Franklin D. Roosevelt Four Freedoms Park

Nearly forty years after former mayor John Lindsay first laid out the proposal that would turn what was once Welfare Island into Roosevelt Island, complete with a memorial to our 32nd president and former New York governor, whose New Deal reforms cre... more

Nearly forty years after former mayor John Lindsay first laid out the proposal that would turn what was once Welfare Island into Roosevelt Island, complete with a memorial to our 32nd president and former New York governor, whose New Deal reforms created the social safety net and public works programs led the country out of the Great Depression and would cushion the blow of any future economic calamities, the memorial has finally come to fruition on the south end of Roosevelt Island. Now the four-acre parkland, named after Roosevelt's Four Freedoms Speech in which he outlined the four basic freedoms all humans are entitled to—freedom of worship, freedom of speech, freedom from want, and freedom from fear—commands sweeping views of Midtown Manhattan across the East River from the United Nations, which incorporated parts of that famous address to Congress into its charter. The memorial itself was designed by architect Louis I. Kahn and features a stone plaza on the southernmost tip of the island, with a verdant walk in the center lined with 120 Linden trees that lead visitors to a out-sized bust of Roosevelt ensconced in a stone edifice. On the back of the memorial, an excerp... more

Nearly forty years after former mayor John Lindsay first laid out the proposal that would turn what was once Welfare Island into Roosevelt Island, complete with a memorial to our 32nd president and former New York governor, whose New Deal reforms created the social safety net and public works programs led the country out of the Great Depression and would cushion the blow of any future economic calamities, the memorial has finally come to fruition on the south end of Roosevelt Island.

Now the four-acre parkland, named after Roosevelt's Four Freedoms Speech in which he outlined the four basic freedoms all humans are entitled to—freedom of worship, freedom of speech, freedom from want, and freedom from fear—commands sweeping views of Midtown Manhattan across the East River from the United Nations, which incorporated parts of that famous address to Congress into its charter.

The memorial itself was designed by architect Louis I. Kahn and features a stone plaza on the southernmost tip of the island, with a verdant walk in the center lined with 120 Linden trees that lead visitors to a out-sized bust of Roosevelt ensconced in a stone edifice. On the back of the memorial, an excerpt from the Four Freedoms Speech is etched into the stone, facing the East River.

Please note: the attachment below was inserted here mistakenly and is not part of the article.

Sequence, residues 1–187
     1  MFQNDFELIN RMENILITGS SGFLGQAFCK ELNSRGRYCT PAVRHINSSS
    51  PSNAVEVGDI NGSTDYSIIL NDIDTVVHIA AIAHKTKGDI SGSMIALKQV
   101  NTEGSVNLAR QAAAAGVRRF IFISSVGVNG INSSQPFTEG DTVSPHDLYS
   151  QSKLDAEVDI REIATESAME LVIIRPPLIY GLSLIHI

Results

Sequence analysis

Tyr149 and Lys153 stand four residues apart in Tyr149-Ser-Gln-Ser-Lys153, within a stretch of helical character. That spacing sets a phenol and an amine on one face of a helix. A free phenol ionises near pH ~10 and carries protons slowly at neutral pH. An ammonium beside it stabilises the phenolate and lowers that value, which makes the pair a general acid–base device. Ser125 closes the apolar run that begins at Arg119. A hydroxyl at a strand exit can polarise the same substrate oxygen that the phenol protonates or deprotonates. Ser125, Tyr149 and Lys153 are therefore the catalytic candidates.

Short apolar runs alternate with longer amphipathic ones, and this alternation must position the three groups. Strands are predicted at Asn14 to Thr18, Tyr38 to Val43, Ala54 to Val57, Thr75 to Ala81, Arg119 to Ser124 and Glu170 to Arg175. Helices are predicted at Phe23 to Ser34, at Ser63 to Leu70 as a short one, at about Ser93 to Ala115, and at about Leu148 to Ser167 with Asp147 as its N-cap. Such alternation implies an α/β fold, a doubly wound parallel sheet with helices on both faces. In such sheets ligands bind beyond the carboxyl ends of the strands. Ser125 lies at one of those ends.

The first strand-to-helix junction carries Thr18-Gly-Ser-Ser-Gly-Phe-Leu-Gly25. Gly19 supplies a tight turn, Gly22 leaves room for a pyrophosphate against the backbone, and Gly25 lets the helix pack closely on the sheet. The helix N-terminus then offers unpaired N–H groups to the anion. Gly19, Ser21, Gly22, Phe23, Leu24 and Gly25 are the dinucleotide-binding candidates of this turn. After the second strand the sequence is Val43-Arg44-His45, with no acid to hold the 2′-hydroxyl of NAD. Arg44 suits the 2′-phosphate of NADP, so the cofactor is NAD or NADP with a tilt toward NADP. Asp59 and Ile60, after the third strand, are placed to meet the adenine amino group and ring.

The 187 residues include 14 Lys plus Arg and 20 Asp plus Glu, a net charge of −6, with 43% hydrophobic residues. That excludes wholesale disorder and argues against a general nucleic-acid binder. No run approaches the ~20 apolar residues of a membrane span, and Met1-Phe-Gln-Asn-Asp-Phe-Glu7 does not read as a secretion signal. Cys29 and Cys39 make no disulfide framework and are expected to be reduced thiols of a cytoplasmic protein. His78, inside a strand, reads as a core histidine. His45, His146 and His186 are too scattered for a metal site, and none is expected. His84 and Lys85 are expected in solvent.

It's worth mentioning that, when it came to being memorialized, President Roosevelt had very specific and reserved wishes: "If any memorial is erected to me, I should like it to consist of a block about the size of this desk and placed in front of the Archives Building. I want it plain, without any ornamentation, with the simple carving, 'In Memory Of.'" Such a memorial was placed in the shadow of the National Archives in 1965, but that didn't stop New York City or, indeed, Washington, D.C.—with its sprawling 7.5-acre tribute—from memorializing a president who very pointedly said if he was to be memorialized, he'd like it to be subdued.


Drag the street view to look around 360°.
Use the arrow buttons to navigate down the street and around the neighborhood!

There are no events taking place on this date.

Info

Roosevelt Island, NY
Website

Editorial Rating

@4FreedomsPark

#FallforNYC Last looks before the snow
https://t.co/j2dLsXZeZE Yesterday at 11:51 AM

The park looks exceptionally beautiful in the snow, and we’ve got those views, just saying... Yesterday at 11:46 AM

RT @ERPapers: 1957: "This fight for civil rights is not going to stop." Sat at 12:03 AM

Reimagining Norman Rockwell’s America
https://t.co/FAlHmcmVky November 09

view all

Other Parks Attractions

Fort Greene Park

From The Fort Greene Park Conservancy, Inc.:

Fort Greene Park is located in B... view

East River Park

This 57-acre park commands views of the Brooklyn waterfront and stretches from t... view

The High Line

The High Line is a 1.45-mile-long (22 blocks) abandoned elevated railway, that s... view